How to make word games that people will actually play

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Dig through a mobile app store and you’ll find a lot of puns, and most of them won’t be very good. Many are just too easy. They can be fun for a few minutes of mindless relaxation, but they don’t have enough substance to last. Others make the player feel like an idiot because they haven’t memorized the dictionary. The best word games offer a challenge, but also make the player feel smart whether or not they know a multitude of 7-letter words. It’s a delicate balance to strike, and only a few puns can do it right. The first thing they tend to do is forget that they’re a pun.

Zach Gage has made a name for himself with the modern reinvention of games that you might have found printed in a newspaper a few decades ago. His recent Typeshift puzzle game mixes crosswords with anagrams. The player is presented with an assortment of letters on sliders. The goal of each puzzle is to find a way to use each letter on the screen in a word. For an added challenge, there are Clue puzzles. These give witty sentences to which you must provide answers with the words composed from the cursor tiles.

The beauty of Typeshift is that even for Clue puzzles, you don’t have to be Will Shortz to have fun. The game works because even when you are challenged you are still active. You don’t spend your time feeling helpless, like you might when looking at an empty, ruthless crossword puzzle. You spin the sliders back and forth, looking for the right combination of letters to clear that damn K tile. The game experience is less like homework and more like breaking a safe. It is a process of exploration. It’s empowering. Immense wealth, or at least the completion of the puzzle, is literally at your fingertips if you can only the letter cups bend to your will.

The design also keeps players engaged with the element of surprise. While working on the regular puzzle packs, you could just move the sliders around and do nothing and come across a word that you hadn’t thought of or maybe didn’t know. Once you have cleared all the letters, you see a screen with all the words you have found. Tap on the unknown word and you will be taken to the Merriam-Webster app definition. Yes, Merriam-Webster is now a dictionary, a Twitter gold mine, and a video game contributor.

The link presents Typeshift’s educational addiction in a very take it or leave it way. There is no need to learn new words or click on the dictionary entry. But since unfamiliar words usually appear as lucky accidents, this surprise seems to encourage curiosity. And there’s a good chance you’ll remember a new word you discovered in the context of Typeshift because the discovery was unexpected.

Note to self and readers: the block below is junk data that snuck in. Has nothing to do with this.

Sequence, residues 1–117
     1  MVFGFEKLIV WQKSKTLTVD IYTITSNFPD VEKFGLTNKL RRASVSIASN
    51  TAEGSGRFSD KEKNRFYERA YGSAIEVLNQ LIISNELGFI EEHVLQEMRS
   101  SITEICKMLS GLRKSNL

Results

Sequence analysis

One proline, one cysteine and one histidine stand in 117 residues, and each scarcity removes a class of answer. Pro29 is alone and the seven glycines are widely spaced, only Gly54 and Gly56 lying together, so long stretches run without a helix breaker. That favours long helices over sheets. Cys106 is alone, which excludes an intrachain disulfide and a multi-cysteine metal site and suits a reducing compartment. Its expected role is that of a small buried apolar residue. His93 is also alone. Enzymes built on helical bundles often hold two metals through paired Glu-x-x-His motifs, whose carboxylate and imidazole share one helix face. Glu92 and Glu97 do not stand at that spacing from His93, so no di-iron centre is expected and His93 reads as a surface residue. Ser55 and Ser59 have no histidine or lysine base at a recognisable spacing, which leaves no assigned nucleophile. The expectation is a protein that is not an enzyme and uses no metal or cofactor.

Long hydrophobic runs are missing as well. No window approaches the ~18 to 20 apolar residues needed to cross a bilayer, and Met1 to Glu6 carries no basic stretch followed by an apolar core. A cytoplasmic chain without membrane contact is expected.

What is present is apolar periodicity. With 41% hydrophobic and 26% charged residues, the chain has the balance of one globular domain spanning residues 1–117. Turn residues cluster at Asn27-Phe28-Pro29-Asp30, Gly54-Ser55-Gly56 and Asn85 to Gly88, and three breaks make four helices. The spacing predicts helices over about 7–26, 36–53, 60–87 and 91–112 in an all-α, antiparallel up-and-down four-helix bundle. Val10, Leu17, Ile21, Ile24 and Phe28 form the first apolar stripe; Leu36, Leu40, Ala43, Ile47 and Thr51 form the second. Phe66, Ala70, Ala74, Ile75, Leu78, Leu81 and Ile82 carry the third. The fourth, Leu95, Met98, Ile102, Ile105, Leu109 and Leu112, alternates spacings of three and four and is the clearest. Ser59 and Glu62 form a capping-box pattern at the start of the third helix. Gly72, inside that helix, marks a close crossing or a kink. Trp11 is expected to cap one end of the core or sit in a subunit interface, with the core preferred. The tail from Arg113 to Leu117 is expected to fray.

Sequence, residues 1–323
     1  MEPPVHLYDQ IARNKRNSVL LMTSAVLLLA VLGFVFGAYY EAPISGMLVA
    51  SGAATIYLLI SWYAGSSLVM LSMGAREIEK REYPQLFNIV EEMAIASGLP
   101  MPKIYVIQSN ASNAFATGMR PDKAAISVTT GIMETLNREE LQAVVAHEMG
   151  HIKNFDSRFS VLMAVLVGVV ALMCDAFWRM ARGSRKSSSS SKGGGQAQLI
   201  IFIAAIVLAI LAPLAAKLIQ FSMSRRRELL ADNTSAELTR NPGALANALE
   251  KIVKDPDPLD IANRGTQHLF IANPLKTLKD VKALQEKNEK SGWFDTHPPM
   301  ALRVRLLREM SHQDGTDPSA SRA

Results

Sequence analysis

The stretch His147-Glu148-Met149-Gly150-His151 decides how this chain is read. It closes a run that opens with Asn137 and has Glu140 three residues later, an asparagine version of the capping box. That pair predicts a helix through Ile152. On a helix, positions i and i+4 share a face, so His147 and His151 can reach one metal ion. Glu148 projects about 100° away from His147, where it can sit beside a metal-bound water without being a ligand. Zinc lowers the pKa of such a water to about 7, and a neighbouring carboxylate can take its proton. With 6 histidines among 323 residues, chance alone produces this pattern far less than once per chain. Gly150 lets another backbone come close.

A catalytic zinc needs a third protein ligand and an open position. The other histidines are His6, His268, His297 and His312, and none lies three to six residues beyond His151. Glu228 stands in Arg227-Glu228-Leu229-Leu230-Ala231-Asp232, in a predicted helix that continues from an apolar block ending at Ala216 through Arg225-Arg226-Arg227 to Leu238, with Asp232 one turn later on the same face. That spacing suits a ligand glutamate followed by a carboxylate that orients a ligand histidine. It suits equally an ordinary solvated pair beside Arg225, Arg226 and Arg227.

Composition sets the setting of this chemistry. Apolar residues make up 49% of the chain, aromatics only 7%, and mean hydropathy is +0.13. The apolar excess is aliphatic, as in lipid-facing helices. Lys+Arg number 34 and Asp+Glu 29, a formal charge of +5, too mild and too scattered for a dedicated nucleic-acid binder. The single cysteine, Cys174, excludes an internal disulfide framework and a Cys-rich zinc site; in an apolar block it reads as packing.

Typeshift shows how stylish puns can be. It’s a testament to the purity of the design and the creation of player engagement. But that’s not the only way to get players to do their spelling homework. It can also happen by racking up the charm, cuteness, and consistently alluring draw of a high score.

Enter Alphabear. On each turn of this Spry Fox puzzle game, you create a word from the letters appearing on a grid. Your goal is to get the highest score possible, knowing that letters are worth less points each round and the bears you have chosen for that round will help you increase your final count. Getting big scores can unlock new bears for your collection or increase the stats of your existing bears.

The educational game is not about cramming information into the player’s skull. It’s about creating systems that encourage them to learn, expand their minds, and seek a creative solution. This is where Alphabear excels. Rather than asking players to think about the most obscure dictionary entries they can or trying to remember all that “I before E” exception, it asks you to think about the bears you chose for a puzzle. and how to maximize their bonuses. Do you get extra points for making four letter words? And to use the letter P with two turns to the left?

Alphabear offers challenges and game mechanics that have nothing to do with a million dollar vocabulary. Since the challenges are low stakes and focus away from word knowledge, the game is a relaxing experience. You think differently about the words you might say because the game doesn’t test you on your spelling prowess. You have to get creative, and like with Typeshift, sometimes you have to experiment and hope that maybe “paerrot” is an acceptable alternate spelling of “parrot”. (Hint: it isn’t.)

Giving players the right tools and the right incentives is how any game attracts a fan base. Typeshift and Alphabear are just two examples of how puns can strike the balance between teasing your brain and stoking your ego.


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